In 1302 Watlington was among the estates granted by Edward I to Roger Bigod, Earl of Norfolk. After Bigod's death in 1306, Edward II granted the manor in 1307 to Piers Gaveston, who was given also the Earldom of Cornwall and Wallingford honor. Gaveston's estates reverted to the Crown on his death in 1312 and in 1316 Edward II leased Watlington for life for £42 a year to John Knockyn, king's yeoman, who already held it during pleasure. In 1318, however, Queen Isabella, who had been granted dower of Wallingford honor, exchanged one of her other manors with John Knockyn for Watlington, which was valued at £60. It reverted to the Crown after her disgrace in 1329 and the downfall of Mortimer, and was committed in 1331 to the keeping of Sir John de Stonor. Edward III granted it later in 1331 to his brother, John of Eltham, who had already been given the earldom of Cornwall and Wallingford honor, thus reaffirming the close connexion between Watlington and these honors. After the death of John of Eltham in 1336 Watlington was granted in 1337 to Nicholas de la Beche, a devoted servant of Edward III, who superintended the education of the Black Prince and was at one time Constable of the Tower of London and Seneschal of Gascony. On his death in 1345 the manor reverted to the prince, presumably because it was a member of Wallingford honor, which had been granted to him and his successors. In 1350 the prince granted Watlington manor for life to Sir Roger Cottesford 'in support of his estate as a knight'. Sir Roger, lord of Bletchingdon and later Sheriff of Oxfordshire and Keeper of Oxford castle, died in 1375. On the death of the Black Prince in 1376 the manor and park, valued at £40, formed part of the dower of his widow Joan of Kent (d. 1385). They then reverted to Richard II, who immediately granted them for life to one of his knights,Baldwin de Bereford. This grant was not revoked until 1404, when Henry, Prince of Wales and Duke of Cornwall (later king Henry V) successfully claimed the manor as part and parcel of Wallingford honor. It was assigned after his death as dower to his widow Katherine de Valois, who was returned as holding lands and tenements in Watlington for 1 fee in 1428. The Crown retained the manor in its own hands after her death in 1437, until Henry VIII left it in his will to his daughter the Lady Elizabeth. She retained the manor in her own hands, but James I granted it to his son Charles' in 1616. James I had already, however, leased it in 1613 to a group of London merchants for £54 11s. 1d. a year, and in 1617, despite the grant to Prince Charles, he sold the lordship to Sir Francis Bacon and others. They sold off the demesne land in small lots, leaving the manor only its rights and privileges. A fine in 1629 enabled the lease and reversion of the manor to be acquired by a single person, who would thereby become virtually the lord of the manor. These rights were acquired in 1630 by Thomas Dean of Chalgrove and Edmund Symeon of Pyrton, and passed from them through two or three other groups to Thomas Allen of Henley, Robert Dobson of Aston Rowant, and Thomas Wiggins of Clare, who held the manor in 1664. In 1664 55 freemen of Watlington, paying a pound each, purchased the manor, preparatory to the building of the Town Hall on the waste of the manor. By 1780 the shares in the manor had reached 64 in number. The fee farm rent of £54 11s. 1d. was still due to the Crown and was paid until the middle of the reign of George III, when the rent was sold to a certain Naphthali Franks, whose descendants were receiving it in 1921.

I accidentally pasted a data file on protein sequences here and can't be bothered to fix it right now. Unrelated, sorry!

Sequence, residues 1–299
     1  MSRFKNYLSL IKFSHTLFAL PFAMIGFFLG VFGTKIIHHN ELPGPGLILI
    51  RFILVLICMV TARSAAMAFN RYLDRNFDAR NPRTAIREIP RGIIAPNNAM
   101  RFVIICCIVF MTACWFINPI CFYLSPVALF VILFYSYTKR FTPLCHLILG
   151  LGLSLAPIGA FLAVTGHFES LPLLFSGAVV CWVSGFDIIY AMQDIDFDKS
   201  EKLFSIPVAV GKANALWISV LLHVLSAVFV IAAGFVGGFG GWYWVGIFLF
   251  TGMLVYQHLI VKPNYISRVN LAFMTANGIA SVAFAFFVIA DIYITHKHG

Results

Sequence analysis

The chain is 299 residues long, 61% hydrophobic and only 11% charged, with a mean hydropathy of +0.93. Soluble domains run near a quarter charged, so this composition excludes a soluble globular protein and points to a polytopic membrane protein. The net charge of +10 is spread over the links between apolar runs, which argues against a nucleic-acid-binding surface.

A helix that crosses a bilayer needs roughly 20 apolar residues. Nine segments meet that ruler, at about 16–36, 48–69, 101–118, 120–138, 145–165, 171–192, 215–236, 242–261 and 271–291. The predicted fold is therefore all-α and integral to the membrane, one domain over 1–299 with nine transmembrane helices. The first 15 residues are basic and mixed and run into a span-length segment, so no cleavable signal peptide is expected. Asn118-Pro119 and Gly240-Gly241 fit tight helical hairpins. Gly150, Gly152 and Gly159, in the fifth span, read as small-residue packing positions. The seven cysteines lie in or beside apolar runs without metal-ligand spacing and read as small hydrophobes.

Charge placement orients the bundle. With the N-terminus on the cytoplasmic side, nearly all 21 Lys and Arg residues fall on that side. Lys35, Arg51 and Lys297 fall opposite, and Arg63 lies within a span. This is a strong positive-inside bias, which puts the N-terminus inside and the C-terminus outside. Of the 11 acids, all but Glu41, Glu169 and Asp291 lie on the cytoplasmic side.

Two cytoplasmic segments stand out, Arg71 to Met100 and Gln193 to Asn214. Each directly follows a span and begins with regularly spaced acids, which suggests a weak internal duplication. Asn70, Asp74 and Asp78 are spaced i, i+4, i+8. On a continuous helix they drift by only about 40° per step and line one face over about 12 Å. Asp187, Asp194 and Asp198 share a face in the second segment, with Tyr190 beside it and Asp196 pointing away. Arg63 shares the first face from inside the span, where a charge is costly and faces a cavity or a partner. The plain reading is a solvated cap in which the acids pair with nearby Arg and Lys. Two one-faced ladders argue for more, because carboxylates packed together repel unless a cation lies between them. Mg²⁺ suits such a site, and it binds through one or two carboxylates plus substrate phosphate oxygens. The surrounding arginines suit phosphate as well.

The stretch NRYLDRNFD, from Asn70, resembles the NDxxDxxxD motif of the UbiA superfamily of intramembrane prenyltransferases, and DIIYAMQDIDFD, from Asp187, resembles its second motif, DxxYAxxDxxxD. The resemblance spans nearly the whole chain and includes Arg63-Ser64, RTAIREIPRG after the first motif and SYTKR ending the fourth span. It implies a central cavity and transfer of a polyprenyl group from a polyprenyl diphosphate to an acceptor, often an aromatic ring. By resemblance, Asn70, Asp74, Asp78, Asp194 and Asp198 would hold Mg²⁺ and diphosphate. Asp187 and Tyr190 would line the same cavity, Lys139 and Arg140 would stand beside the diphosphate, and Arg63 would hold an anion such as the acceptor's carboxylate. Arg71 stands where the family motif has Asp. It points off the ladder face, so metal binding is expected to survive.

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The manor does not seem to have been leased to under-tenants in the Middle Ages after the grant to Baldwin de Bereford, and it was administered by stewards; a John Harpenden, for example, in Queen Katherine's time; in 1437 William Phellip, Chamberlain of the Household; and in 1438 William de la Pole, Earl of Suffolk, who headed a commission of inquiry to discover whether Watlington and certain other manors, parcels of Wallingford honor, were let at farm or in the king's hands. In 1447 Richard Lyllyng, king's sergeant, who already held the 'site', was granted the 'keeping of the manor' for life. There are no later grants to stewards recorded and it may be that the bailiff of the manor, who in the 14th century had held under the steward, took over his position. Among the appointments in the second half of the 15th century were two king's yeomen, and a later bailiff was Henry Norreys, an intimate of Henry VIII, who was appointed in 1523 and held until his death in 1537. In 1592 the bailiff was the Treasurer of the Queen's Household, the Oxfordshire magnate, Sir Francis Knollys, who also held Wallingford castle.